After getting almost two inches of slush and a coating of ice, I find myself longing for some tropical beach somewhere so it shouldn’t be a surprise that this island tune has been on heavy rotation of late. Though Paul Page spent much of his career performing and recording music dedicated to the island life, he was born in landlocked Indiana and got his career in radio in Juneau, Alaska. Despite these decidedly un-tropical roots, Page always had an interest in Polynesian music and hosted the first Hawaiian themed TV show in 1949.
Though the show didn’t air for long, it couldn’t have come at a better time. Don the Beachcomber’s “tiki bar” became a trendy hangout for Hollywood stars around the same time Trader Vic’s was popularizing tropical drinks like the Mai Tai in San Francisco. Page became a popular performer of Hawaiian and Polynesian music at the many tiki-themed restaurants and bars that opened in California while also writing and recording songs like Castaway. He often worked with one of the masters of the Hawaiian steel guitar sound Bernie Kaai Lewis, a Hawaiian native, who he described in an interview with WFMU as “the best steel guitarist in the business.”
F.J. McMahon recorded Spirit of the Golden Juice following his return from a tour in Vietnam with the U.S. Air Force. The record rarely made it outside of California and even within the state the distribution was minimal so he stopped trying to make it as a musician and starting repairing computers. Over time it became something of a cult classic for fans of folk rock from that era. His story is similar to that of another artist I’ve written about here, Robert Lester Folsom, and in fact the largest and most accessible reissue of both McMahon’s only record and Folsom’s come courtesy of Anthology Records.
In June 2017 McMahon performed all of Spirit of the Golden Juice with the band Quilt in support of the re-issue and also gave an interview where he talked about his career and life after music. He had played up and down California with various groups, and in the interview he talks a little about that scene:
I started playing a few old clubs and getting with some old friends to play bar-band gigs for weekend money. But I was also heavily involved in the anti-war thing, so I was trying to get my buddies who hadn’t gone yet not to go in the military. I didn’t want them going over there, so I was involved. Music was a big part of that movement. Everything was music at the time. There was a feeling in the ’60s that, if you saw somebody else with long hair, you knew they felt more or less like you did. There was a feeling guaranteed between the two of you that music could change the world. That may be naïve, but it was an honest-to-God feeling we had.
When asked whether he is surprised that the songs resonate with contemporary audience, he had this to say:
The overwhelming feeling I get today is that all these kids who are going out to the far corners of the earth and getting themselves killed, they’re doing it because there are no jobs. That thought devastated me when I was singing that song. I wrote [Five Year Kansas Blues] 50 years ago about guys who went to jail instead of going to war. That was their choice. But now I’m thinking about the kids who can’t get a job, so they go into the Army and they get shot up. That’s not okay. So things haven’t changed very much at all.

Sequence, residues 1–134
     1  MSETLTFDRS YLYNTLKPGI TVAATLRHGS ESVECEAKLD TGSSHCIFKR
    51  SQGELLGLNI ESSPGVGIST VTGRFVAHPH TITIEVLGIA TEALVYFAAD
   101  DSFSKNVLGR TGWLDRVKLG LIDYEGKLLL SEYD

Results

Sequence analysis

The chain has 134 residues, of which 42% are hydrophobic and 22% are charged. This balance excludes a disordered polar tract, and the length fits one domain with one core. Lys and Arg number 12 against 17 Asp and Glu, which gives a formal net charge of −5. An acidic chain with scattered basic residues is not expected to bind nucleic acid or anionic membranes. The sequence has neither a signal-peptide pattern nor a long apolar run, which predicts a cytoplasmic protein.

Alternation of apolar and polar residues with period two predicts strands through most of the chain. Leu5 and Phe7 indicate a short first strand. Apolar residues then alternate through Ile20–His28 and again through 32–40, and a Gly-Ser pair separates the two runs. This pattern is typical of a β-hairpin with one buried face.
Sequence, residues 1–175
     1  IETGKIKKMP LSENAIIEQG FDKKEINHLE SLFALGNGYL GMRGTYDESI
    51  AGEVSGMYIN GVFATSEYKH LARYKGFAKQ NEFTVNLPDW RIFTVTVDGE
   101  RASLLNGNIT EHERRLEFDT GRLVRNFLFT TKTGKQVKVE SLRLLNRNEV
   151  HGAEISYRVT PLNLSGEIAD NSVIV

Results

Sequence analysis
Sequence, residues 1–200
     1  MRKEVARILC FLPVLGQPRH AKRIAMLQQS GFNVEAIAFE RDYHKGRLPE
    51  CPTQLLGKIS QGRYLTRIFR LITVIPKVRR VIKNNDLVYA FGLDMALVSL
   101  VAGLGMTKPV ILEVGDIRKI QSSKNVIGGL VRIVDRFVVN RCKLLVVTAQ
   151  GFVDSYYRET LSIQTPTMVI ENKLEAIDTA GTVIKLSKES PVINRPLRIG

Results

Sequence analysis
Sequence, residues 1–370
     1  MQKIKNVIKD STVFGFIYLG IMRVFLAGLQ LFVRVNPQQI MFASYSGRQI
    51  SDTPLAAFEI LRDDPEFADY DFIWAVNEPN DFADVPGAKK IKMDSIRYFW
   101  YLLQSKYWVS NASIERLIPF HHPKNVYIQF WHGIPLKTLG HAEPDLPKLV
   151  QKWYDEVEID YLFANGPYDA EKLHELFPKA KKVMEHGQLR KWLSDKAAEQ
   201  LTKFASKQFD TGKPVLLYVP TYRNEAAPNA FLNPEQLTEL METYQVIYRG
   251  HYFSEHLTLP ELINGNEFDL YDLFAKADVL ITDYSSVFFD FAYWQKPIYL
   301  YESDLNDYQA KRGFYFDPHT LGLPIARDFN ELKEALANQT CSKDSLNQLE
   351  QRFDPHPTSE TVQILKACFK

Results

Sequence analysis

He hinted at future performances in the interview, though there’s no indication he’s got more songs to record. At the very least we might start hearing more of his stuff in Vietnam movies instead of the ubiquitous Creedence Clearwater Revival.
I probably found this album in the wrong season, but if past trends are any indication I’ll still be listening to it by the time summer rolls back to my part of the world. This track is probably my favorite off their debut tape from Haju Tapes, which had a limited physical release back in 2016. This kind of music is a little bit of a departure from Haju Tapes usual fare of chilled-out glitchy instrumentals, but obviously whoever they have picking things out has a good ear which is about all you can ask for in a label. I typically like to link to the place where you can support the artist if I can find it, but I was pretty tempted to use this video I found, which I don’t think came from the band but is a pretty good approximation of the scene I’m imagining when I’m listening to this and pretending not to be surrounded by snow and ice. Also, I wish I still had my Toyota Avalon with a tape deck and that time didn’t move quite as fast as it seems to.
666 is the title track off Sugar Candy Mountain’s third full length release from People in a Position to Know. Ash Reiter and Will Halsey are the core of the group, but they are often joined by Jason Quever and Matt Adams, among others. As if you couldn’t guess by the combination of sun-drenched guitar and occult fascination, they’re based out of California, Oakland to be specific. Before their release on PIAPTK, they put out two records on their own starting with a self-titled in 2011 followed by Mystic Hits, both released on cassette as well as digitally. For anybody who ever wondered what Camera Obscura would sound like if they came from somewhere that wasn’t notorious for dreary weather, it seems we finally have an answer. Or, as the band puts it:
If Brian Wilson had dropped acid on the beach in Brazil and decided to record an album with Os Mutantes and The Flaming Lips, it would sound like this- all psychedelic pop Wall-of Sound and beach balladry
Those interested in tracking down vinyl should head to the Discogs page for the release. While the pink vinyl is sold out, downloads, CDs, and black vinyl can still be had over at Bandcamp.